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Lipid metabolism

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Lipid metabolism Why is citrate imporatant? Why is Malonyl CoA important? ... Ketone bodies, unlike glucose, can be synthesized from acetyl-CoA. – PowerPoint PPT presentation

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Title: Lipid metabolism


1
Lipid metabolism
2
TTYP
  • What is the purpose of lipid metabolism?
  • Fatty acid synthesis
  • Fatty acid oxidation

3
In 70 kg man 10 kg fat 93,000
Kcal glycogen 500-800 Kcal protein
18,000 Kcal
4
Free Fatty Acids
  • Most FFA arise from TG breakdown in adipose
    tissue
  • Some from intestinal absorption
  • Short and some medium chain FA
  • Long chain will be TG

5
Lipid mobilization and Fatty Acid degradation
  • Three major steps
  • Lipolysis and release from adipose tissue
  • Activation and transport into mitochondria
  • ß-oxidation

6
Lipid mobilization
  • Adipose is major tissue that releases
  • FAs into blood stream
  • Other tissues (liver, kidney, muscle)
  • contain TG but they do not release FAs
  • to any extent
  • In adipose TG are continuously being
  • hydrolyzed to FAs and glycerol
  • A net release of FAs from adipose
  • occurs when lipolysis exceeds
  • resynthesis of TG

7
Control of Lipolysis
  • Sympathetic nervous system
  • Major stimulator of FA mobilization when there is
    a sudden demand for energy such as in
  • Exercise
  • Exposure to cold
  • Frightening or stressful situations
  • Rapid effect but of short duration

8
2. Lipolytic Hormones
  1. Fast-acting hormones
  • Epinephrine, Norepinephrine, ACTH,
  • Thyroid stimulating hormone (TSH),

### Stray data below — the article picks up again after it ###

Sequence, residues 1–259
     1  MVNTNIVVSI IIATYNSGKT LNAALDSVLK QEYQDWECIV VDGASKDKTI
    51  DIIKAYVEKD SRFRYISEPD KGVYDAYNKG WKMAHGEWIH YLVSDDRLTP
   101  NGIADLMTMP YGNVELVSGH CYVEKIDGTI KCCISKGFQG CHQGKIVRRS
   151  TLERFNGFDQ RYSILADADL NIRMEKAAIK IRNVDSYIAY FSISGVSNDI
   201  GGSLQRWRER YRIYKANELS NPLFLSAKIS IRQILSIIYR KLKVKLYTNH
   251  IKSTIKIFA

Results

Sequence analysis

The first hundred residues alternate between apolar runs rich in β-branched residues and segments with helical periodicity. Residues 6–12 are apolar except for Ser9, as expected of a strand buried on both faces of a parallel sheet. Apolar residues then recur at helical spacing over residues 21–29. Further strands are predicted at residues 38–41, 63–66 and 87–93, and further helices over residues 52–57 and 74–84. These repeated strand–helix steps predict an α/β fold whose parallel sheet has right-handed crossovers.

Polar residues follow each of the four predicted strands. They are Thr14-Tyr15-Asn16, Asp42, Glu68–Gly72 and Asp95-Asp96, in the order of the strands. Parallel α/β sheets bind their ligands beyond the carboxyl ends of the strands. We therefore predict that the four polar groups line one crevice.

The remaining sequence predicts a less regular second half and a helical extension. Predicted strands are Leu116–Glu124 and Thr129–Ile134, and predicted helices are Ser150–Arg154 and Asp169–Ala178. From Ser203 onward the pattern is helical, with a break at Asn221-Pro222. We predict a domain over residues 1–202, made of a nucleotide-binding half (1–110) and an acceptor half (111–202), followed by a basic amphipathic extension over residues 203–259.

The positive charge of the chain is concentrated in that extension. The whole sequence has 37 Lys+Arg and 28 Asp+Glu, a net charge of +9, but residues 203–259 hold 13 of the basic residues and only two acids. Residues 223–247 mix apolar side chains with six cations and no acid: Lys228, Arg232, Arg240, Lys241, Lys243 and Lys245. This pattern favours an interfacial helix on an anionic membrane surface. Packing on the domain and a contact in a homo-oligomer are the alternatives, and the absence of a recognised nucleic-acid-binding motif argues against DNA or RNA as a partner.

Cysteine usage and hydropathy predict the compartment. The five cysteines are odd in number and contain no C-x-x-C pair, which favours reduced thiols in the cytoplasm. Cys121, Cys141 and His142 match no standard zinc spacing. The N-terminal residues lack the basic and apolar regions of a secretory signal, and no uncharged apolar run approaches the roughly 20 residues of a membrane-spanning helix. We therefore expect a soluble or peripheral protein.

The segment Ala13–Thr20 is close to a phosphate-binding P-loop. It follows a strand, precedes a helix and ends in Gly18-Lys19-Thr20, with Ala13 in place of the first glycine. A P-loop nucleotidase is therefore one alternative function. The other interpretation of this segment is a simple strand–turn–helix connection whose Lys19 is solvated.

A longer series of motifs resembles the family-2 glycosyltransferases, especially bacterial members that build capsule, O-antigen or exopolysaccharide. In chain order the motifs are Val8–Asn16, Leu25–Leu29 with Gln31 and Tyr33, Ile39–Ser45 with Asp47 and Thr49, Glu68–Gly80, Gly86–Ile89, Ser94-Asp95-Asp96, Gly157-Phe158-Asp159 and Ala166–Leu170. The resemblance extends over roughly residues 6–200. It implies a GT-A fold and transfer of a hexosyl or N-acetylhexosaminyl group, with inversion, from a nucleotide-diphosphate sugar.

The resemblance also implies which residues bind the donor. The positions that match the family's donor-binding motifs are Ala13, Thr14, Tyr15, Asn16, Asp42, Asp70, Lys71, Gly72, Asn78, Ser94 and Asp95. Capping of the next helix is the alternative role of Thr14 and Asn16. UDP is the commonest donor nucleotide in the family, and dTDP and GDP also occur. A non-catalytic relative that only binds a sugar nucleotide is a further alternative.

• glucagon
  • Act rapidly and their effect is of
  • short duration

9
Mechanism of action
  • Involves hormone interacting at the membrane to
    activate adenyl cyclase
  • Adenyl cyclase stimulates c-AMP production from
    ATP
  • c-AMP activates a protein Kinase
  • Protein Kinase activates hormone sensitive lipase
  • Action of these hormones on lipolysis is not
    affected by blocking RNA or protein synthesis

10
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11
b. Slow-Acting hormones
  • Growth Hormone, Glucocorticoids
  • Time lag of 1-2 hours after
  • administration but stimulatory effect
  • on lipolysis lasts for several hours
  • Action is blocked by inhibiting RNA or protein
    synthesis

12
3. Inhibitory Hormones
  • Insulin
  • Acts on phosphodiesterase
  • Prostaglandins E2 and E1
  • Blocks effects of norepinephrine and epinephrine
    on cAMP

13
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14
4. Dietary effects
  • a. Fasting
  • - lack of glucose for glycerol 3-P
  • - shortage of ATP for activation of FA
  • b. High CHO diet
  • c. High fat diet/low CHO
  • - may increase release of FA due to lack
  • of glucose

15
TTYP
  • Why would free fatty acids decrease in the blood
    after you eat?

16
Fate of FFA
FFA
If too much Acetyl CoA then ketone bodies are
produced by liver
Liver produces Acetyl CoA
TCA cycle
17
FA entry into the cell
  • FA primarily enter a cell via fatty acid protein
    transporters on the cell surface
  • fatty acid translocase (FAT/CD36),